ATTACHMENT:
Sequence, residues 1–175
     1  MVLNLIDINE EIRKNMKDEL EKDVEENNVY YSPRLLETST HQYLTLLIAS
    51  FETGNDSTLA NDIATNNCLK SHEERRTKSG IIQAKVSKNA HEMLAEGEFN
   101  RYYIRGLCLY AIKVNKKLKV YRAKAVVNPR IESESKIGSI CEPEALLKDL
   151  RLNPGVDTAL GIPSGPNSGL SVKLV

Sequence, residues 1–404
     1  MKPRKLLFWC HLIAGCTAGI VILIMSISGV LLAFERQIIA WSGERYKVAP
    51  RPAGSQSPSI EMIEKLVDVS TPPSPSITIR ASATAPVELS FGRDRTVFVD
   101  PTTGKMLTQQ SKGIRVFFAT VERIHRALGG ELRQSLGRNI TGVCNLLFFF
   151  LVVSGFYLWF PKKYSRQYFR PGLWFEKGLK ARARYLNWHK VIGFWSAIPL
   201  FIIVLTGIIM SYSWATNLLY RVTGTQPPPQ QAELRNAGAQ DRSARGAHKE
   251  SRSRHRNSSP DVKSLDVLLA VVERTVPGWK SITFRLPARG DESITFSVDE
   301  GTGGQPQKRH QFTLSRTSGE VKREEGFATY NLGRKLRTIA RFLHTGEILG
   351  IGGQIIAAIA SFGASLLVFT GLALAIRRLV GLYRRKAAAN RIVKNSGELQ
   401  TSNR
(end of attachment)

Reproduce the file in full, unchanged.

Sequence, residues 1–175
     1  MVLNLIDINE EIRKNMKDEL EKDVEENNVY YSPRLLETST HQYLTLLIAS
    51  FETGNDSTLA NDIATNNCLK SHEERRTKSG IIQAKVSKNA HEMLAEGEFN
   101  RYYIRGLCLY AIKVNKKLKV YRAKAVVNPR IESESKIGSI CEPEALLKDL
   151  RLNPGVDTAL GIPSGPNSGL SVKLV

Sequence, residues 1–404
     1  MKPRKLLFWC HLIAGCTAGI VILIMSISGV LLAFERQIIA WSGERYKVAP
    51  RPAGSQSPSI EMIEKLVDVS TPPSPSITIR ASATAPVELS FGRDRTVFVD
   101  PTTGKMLTQQ SKGIRVFFAT VERIHRALGG ELRQSLGRNI TGVCNLLFFF
   151  LVVSGFYLWF PKKYSRQYFR PGLWFEKGLK ARARYLNWHK VIGFWSAIPL
   201  FIIVLTGIIM SYSWATNLLY RVTGTQPPPQ QAELRNAGAQ DRSARGAHKE
   251  SRSRHRNSSP DVKSLDVLLA VVERTVPGWK SITFRLPARG DESITFSVDE
   301  GTGGQPQKRH QFTLSRTSGE VKREEGFATY NLGRKLRTIA RFLHTGEILG
   351  IGGQIIAAIA SFGASLLVFT GLALAIRRLV GLYRRKAAAN RIVKNSGELQ
   401  TSNR